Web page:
Cybercrime! We’re basically living through the digital equivalent of Prohibition, right? Well, a couple of researchers would like to quash everyone’s mental images of Scarface but with credit-card databases instead of blow. Having run the numbers, researchers Dinei Florêncio and Cormac Herley took to the New York Times opinion page to trumpet their doubts:
One recent estimate placed annual direct consumer losses at $114 billion worldwide. It turns out, however, that such widely circulated cybercrime estimates are generated using absurdly bad statistical methods, making them wholly unreliable.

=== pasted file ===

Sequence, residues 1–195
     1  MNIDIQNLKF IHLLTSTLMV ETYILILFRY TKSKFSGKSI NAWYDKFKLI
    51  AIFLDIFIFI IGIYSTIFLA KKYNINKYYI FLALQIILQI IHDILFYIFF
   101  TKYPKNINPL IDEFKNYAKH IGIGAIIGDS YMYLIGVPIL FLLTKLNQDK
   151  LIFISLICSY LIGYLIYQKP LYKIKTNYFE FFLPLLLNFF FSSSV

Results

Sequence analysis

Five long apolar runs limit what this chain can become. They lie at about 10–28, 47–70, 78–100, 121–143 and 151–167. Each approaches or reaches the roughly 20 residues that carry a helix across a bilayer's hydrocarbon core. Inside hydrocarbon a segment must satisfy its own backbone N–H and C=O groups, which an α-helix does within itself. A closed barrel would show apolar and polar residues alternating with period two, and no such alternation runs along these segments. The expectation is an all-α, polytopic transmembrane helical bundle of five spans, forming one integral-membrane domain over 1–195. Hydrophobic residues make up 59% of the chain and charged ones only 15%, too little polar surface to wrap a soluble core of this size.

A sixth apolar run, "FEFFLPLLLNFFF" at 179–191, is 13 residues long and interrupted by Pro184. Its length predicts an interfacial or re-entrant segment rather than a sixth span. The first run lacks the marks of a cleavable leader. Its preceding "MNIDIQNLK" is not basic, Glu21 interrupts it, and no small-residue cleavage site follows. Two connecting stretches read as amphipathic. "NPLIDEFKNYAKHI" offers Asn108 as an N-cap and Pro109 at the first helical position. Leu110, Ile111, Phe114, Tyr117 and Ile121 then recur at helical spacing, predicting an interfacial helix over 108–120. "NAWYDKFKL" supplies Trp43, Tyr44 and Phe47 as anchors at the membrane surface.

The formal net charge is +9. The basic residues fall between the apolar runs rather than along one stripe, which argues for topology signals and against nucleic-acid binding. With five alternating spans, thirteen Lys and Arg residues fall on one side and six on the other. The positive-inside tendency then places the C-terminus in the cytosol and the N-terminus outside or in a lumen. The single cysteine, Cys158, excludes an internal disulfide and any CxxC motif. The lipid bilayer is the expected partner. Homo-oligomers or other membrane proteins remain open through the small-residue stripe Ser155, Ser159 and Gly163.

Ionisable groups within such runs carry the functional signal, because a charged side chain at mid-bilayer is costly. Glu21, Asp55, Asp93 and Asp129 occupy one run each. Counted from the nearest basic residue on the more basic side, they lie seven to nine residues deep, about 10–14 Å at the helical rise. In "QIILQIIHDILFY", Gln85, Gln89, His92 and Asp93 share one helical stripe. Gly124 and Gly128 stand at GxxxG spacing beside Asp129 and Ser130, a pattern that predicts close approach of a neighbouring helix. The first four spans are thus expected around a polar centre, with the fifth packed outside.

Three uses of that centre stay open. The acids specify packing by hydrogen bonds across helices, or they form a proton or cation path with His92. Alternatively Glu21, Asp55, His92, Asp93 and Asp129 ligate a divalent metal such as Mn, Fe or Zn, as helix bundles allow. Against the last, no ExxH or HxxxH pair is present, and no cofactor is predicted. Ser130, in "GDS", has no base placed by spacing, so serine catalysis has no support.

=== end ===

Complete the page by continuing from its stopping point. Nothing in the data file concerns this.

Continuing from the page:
Now, they’re not denying that cybercrime is a serious problem and, more to the point, a major pain in the ass. It’s just not the criminal gold mine it’s often portrayed as. In other words: “Cybercrime billionaires are hard to locate because there aren’t any.”
So what you’re saying is that we shouldn’t expect a Michael Mann movie to come out of last year’s Sony Playstation breach?